Sarah: It’s like I’m watching Chuck disappear.

Sarah says she has the reputation of falling for the guys she works with and, wanting to keep things professional, says no to Shaw’s proposal of a spy relationship but then freaks out about Chuck, confides in Shaw, and starts a relationship with him out of emotional comfort. She tries to see Chuck in Shaw (Buy More crockpot, Bamboo Dragon food) and is subconsciously trying to recreate a Chuck in the spy half of a real life but it won’t work because, although Shaw relates to spy Sarah, he doesn’t respect the normal half of a real life because it makes spies weak. All he seeks is a professional spy relationship on a last-name basis with physical intimacy on the side because falling in love is a mistake he made once and does not want to make again.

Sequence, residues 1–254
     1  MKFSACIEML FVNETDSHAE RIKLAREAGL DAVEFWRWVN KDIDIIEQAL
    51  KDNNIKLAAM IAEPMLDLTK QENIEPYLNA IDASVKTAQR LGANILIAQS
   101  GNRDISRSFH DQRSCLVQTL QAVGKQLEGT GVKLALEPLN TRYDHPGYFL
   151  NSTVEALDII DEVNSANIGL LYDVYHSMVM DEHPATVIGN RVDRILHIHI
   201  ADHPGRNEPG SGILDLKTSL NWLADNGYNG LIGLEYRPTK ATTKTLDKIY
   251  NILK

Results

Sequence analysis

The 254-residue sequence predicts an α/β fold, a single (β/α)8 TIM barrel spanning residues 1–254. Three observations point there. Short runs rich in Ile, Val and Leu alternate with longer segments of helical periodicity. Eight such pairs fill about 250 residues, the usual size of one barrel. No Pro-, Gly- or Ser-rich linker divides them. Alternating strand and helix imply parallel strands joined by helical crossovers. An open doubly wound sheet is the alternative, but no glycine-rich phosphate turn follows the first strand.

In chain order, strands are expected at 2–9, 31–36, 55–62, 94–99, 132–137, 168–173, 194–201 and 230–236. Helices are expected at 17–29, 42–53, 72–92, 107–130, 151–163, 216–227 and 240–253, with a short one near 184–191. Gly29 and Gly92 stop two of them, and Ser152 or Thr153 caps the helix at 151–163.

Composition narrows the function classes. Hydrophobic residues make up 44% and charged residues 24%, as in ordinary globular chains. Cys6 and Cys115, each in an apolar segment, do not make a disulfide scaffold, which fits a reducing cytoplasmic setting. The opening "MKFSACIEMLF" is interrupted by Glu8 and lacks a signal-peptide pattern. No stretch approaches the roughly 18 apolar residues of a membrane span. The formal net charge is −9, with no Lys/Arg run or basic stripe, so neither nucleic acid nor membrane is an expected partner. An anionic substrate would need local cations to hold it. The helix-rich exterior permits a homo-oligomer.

Chuck hears Sarah’s concerned words to Shaw and is shell-shocked. He embarked on his spy journey to become a hero worthy of her respect and she makes him realize he’s a hell of a guy living a hell of a lie instead, so he breaks up with Hannah because he doesn’t want to lie to her anymore and use her to soothe his pain. Even though Hannah is the best possible companion from Chuck’s ordinary world, his relationship with her will not work and not because Sarah or the CIA got in the way (as with Lou) but because even the best possible ordinary world companion can only share half of his real life and Chuck realizes it’s not worth it (or even fair to Hannah). If in season 1, a person like Lou or, even better, Hannah was everything Chuck was looking for at a time when he just couldn’t look, now that he can look, he realizes it’s no longer enough. There are things in his life Hannah can’t understand and that he can’t explain to her. He’s been dishonest and it’s not fair to her. She deserves to be with someone she can know completely and he can’t offer that. These are the very words he uses to break up with her. He now gets Devon’s point because he has experienced it. He’s no longer the “normal guy who wants a normal life” he described to Sarah in his break-up speech at the end of 2.03. Chuck has been sarahfied and even the best companion from the ordinary world he wanted in the first two seasons is no longer enough because the ordinary world itself is no longer enough. He can’t go back.